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Kanto naga-hibachi

Display: Global Gastronomy
Culinary Technique: fuel conservation

Date: 20th Century

Location: Japan

Dimensions: 14" h x 26" w x 14" d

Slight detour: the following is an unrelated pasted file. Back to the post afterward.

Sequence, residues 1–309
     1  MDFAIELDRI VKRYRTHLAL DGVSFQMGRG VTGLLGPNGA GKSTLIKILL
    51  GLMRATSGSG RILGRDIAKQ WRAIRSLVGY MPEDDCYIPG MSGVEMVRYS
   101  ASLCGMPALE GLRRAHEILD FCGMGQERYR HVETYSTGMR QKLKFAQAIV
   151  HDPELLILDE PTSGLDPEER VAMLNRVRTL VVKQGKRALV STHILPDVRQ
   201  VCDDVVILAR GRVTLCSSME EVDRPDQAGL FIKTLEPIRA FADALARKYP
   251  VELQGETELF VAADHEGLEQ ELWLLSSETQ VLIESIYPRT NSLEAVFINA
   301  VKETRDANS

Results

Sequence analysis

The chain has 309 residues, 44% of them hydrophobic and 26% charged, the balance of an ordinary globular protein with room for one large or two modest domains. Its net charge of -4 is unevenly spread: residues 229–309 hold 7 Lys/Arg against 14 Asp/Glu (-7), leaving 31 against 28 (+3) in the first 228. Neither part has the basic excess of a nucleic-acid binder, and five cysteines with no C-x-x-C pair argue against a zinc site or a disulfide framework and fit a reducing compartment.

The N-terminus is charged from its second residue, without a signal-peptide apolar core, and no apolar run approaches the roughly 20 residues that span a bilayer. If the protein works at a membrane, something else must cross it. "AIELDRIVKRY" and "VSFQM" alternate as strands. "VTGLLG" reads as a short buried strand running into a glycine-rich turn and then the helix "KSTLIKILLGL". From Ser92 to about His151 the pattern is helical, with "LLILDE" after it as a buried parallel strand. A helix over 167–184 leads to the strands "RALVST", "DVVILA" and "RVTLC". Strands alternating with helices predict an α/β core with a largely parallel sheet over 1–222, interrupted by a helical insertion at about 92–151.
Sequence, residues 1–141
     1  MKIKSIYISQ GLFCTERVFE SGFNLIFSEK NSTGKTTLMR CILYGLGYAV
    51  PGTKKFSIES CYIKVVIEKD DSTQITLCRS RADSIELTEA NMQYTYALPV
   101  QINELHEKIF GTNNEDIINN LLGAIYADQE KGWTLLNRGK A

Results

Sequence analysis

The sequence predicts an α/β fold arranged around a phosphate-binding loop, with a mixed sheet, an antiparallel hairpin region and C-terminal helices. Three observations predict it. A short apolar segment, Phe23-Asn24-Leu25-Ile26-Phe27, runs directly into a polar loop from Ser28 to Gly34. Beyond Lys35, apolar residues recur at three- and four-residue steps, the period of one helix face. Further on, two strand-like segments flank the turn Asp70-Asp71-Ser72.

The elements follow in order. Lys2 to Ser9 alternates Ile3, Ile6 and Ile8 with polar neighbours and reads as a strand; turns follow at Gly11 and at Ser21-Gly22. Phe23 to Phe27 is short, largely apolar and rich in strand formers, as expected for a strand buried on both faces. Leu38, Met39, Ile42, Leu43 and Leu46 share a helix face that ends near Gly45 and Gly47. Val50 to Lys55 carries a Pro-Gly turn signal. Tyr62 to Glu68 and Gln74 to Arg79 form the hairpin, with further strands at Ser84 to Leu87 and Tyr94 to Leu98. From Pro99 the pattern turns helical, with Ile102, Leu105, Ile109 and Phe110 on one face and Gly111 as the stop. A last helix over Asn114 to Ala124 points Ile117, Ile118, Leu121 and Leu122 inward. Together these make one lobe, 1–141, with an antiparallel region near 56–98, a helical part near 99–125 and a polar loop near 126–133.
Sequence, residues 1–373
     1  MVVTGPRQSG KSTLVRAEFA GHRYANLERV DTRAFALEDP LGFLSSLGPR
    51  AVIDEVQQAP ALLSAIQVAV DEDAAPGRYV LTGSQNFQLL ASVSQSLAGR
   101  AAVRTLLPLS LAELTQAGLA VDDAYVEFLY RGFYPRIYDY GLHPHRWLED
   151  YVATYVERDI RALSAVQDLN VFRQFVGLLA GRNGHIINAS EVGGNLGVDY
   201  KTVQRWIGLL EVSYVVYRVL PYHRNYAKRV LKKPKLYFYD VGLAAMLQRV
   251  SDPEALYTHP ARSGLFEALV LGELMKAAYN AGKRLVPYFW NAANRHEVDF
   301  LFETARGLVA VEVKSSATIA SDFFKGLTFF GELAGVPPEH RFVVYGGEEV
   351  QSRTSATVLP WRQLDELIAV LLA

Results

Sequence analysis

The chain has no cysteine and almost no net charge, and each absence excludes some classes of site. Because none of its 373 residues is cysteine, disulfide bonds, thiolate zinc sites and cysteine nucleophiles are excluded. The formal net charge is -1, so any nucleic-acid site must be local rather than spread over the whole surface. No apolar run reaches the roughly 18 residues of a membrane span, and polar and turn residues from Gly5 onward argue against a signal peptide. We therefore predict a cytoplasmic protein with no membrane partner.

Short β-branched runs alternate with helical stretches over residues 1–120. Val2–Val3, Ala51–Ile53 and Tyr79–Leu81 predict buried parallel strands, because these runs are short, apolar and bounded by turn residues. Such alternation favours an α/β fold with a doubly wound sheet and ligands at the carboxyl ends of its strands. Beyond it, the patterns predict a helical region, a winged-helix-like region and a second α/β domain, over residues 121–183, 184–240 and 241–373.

A portable form of the traditional hearth in a Japanese home, the hibachi heated a room and was used to warm sake, prepare tea for guests, or cook small meals. The carefully crafted wooden cabinet is fitted with five drawers, inset side carrying handles, and a copper well filled with sand and burning embers or charcoal. Drawers kept hand tools, tea leaves, cups, tobacco, napkins, or dry food. The side ledge served as a table or held the wooden trivet. Wood charcoals that emitted little smoke were burned for boiling water for tea or for cooking. Oil, gas, or electrical heaters gradually replaced such hibachis, which were used in aristocratic Japanese homes since the 18th century, persisting until the 1970s in rural households.


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